The Five

Don’t-miss picks for Wednesday, October 19 through October 25, 2016

1 Tegan and Sara

Pop:After more than two decades in the music industry, indie-rock sister duo Tegan and Sara only seem to be getting better—their lyrics sharper, their hooks so contagious they’ve started writing songs for other musicians. Catch the ever-charming siblings in their most natural and exciting form: front and center.
10/21 at 7:30 p.m. Sold out; $52–$100 from resellers. Riviera Theatre, 4746 N. Racine.

2 A-Squared Asian American Performing Arts Festival

Festival:An impressive lineup of Asian American dancers, musicians, puppeteers, and performance artists present pieces influenced in varying degrees by China, Philippines, India, Japan, Korea, and Vietnam. A preshow dinner on Saturday, October 22, at 5:15 p.m., highlights the diverse cuisine of Vietnam.
10/20–23. $15–$45. Links Hall, 3111 N. Western.

3 Bronzeville Home Tours and Progressive Dinner

Art:A rare look inside three South Side collections of contemporary African American and African art includes a guided tour, catered food, and cocktails at each stop.
10/20, 6–10:30 p.m. $250. Various venues.

4 The Magic Play

Theater:Playwright Andrew Hinderaker (I Am Going to Change the World; Suicide, Incorporated) delves into illusion in this tale of a nameless magician, the diver he loves, and the father who haunts him. Halena Kays directs the story of a showman whose power to astonish vanishes in the face of heartbreak.
10/21–11/20. $10–$40. Goodman Theatre, 170 N. Dearborn.

5 Mick Jenkins

Hip-Hop:The heady Burnside rapper appears with Evanston native Kweku Collins and St. Louis rapper Smino before a monthlong stint in Europe behind his new LP, The Healing Component. Tickets are first-come, first-served at the door—so show up early.
10/20 at 9 p.m. $10. Thalia Hall, 1807 S. Allport.

What I’m Doing This Weekend

Cary Shoda
Cary Shoda Photo: Marivi Ortiz

Up next in our series of weekend plans from notable, in-the-know locals: Cary Shoda, artistic director of A-Squared Theatre, presenting its Asian American Performing Arts Festival at Links Hall from Thursday, October 20 through Sunday, October 23.

“A-Squared Theatre came together in late 2006, from a group of Asian American actors who felt under- and misrepresented in the Chicago theater scene. We’re typically focused a little more on theatrical performances—with Asian American stories and casts—but with this festival, we’re expanding our wings a bit by venturing into other areas of performance. We will have a play—a semi-comedy by Julia Izumi called A Girl’s Gotta Do, etc., which runs on Saturday and Sunday—but there will also be music, performance art, and puppetry.

Myra Su, who performs with Nasty, Brutish & Short, will be doing some cool projections and shadow-plays with Allyson Gonzalez and Cynthia Campos Costanzo. I’m also really excited to have Tatsu Aoki and his quartet performing on Friday and Saturday. He’s been a part of the jazz scene for many, many years and worked with so many amazing artists. Dahlia Nayar, our only performer who’s not from Chicago, is doing a combination dance, sound-art, performance-art piece called 2125 Stanley Street on Thursday and Friday. It sort of examines a home as an archaeological site, looking at everyday objects as sources of revelation and recollection.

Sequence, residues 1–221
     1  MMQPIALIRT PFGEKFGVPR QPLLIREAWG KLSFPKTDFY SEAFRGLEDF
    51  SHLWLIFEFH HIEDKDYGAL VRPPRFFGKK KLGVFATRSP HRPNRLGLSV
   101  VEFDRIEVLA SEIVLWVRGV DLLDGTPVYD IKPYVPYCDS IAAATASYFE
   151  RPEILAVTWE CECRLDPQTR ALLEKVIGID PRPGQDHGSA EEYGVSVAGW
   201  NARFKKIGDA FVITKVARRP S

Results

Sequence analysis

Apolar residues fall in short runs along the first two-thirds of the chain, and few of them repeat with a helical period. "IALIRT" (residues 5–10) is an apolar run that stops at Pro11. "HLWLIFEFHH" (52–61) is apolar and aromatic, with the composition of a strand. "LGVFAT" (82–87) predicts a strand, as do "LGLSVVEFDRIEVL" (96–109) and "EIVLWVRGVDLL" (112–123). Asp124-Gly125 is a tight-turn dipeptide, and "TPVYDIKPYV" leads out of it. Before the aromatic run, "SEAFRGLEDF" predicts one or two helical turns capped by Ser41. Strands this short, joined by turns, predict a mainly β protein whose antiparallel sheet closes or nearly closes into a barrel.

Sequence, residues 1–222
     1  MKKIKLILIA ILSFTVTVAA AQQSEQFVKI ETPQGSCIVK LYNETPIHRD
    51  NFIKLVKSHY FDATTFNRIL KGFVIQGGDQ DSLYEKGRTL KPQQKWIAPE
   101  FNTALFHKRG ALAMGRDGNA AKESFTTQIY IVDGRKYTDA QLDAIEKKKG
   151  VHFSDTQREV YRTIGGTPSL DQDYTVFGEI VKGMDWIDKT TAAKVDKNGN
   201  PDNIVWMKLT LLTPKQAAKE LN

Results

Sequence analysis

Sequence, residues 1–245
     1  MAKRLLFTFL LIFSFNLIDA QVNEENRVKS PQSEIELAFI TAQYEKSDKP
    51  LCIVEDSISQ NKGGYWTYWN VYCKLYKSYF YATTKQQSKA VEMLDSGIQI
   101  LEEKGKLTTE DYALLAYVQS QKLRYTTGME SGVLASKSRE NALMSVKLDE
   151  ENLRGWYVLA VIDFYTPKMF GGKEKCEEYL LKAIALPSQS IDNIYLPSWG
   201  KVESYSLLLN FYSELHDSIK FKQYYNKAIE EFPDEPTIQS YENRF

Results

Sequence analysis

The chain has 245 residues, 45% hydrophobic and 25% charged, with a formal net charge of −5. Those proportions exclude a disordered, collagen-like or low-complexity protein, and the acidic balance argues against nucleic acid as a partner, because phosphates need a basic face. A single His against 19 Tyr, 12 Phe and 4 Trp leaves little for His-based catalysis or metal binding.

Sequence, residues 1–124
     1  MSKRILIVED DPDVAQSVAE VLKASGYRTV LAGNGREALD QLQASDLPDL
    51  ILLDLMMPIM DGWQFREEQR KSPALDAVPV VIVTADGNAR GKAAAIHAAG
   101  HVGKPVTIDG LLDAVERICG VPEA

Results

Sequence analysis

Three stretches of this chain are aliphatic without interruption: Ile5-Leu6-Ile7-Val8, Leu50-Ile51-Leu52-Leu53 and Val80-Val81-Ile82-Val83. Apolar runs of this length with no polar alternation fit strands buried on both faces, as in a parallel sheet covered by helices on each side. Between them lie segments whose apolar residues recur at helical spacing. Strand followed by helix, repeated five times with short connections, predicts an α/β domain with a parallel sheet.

Mitsu Salmon, who’s on the younger side of our roster, is another up-and-coming artist I think everyone should keep an eye on. Like Dahlia Nayar, she brings elements of all different art forms to her work. In the performance she’s doing on Friday and Sunday, she sings, chants, and dances. There are paintings and projections, too—it’s a really fascinating, moving interdisciplinary work about her great grandfather’s immigration journey from Japan to Hawaii.

“After the performances, since we all know each other pretty well now, we like to get a drink at Links Hall’s little bar, or at my go-to after-show hangout, Ten Cat Tavern on Ashland. I like to call it an 'aging hipster bar': there’s good beer, but it’s not too expensive, and good music, but it’s not too loud. My kind of place. For more of a night out, I love Hopleaf—they’ve been doing craft beer since long before it was a trendy thing to do.

“When I’m not tied up with the festival, I spend almost every Saturday playing basketball with this group of friends. Some of them have been shooting hoops together since 1993—I joined the group around ’99. It’s a lot of artists who, I think, find basketball to be a good way to loosen up and forget about whatever’s going on during the week. During the winter, we rent a court at Eckhart Park—we’ve been going there for as long as I’ve been a part of the group.” —As told to John Hardberger

Freebie of the Week

The Arts Club Centennial Open House

Art:This private club with a public exhibition program has for a century drawn the world’s most desired artists up its Mies-designed staircase to meet with Chicago’s elite art patrons. Here, the organization pulls back the curtain with a day of free programming, including David Lang–commissioned music by Eighth Blackbird and artist talks by Suzanne Bocanegra, Derrick Adams, and Mark Dion.
10/22 at noon. Free. Arts Club of Chicago, 201 E. Ontario.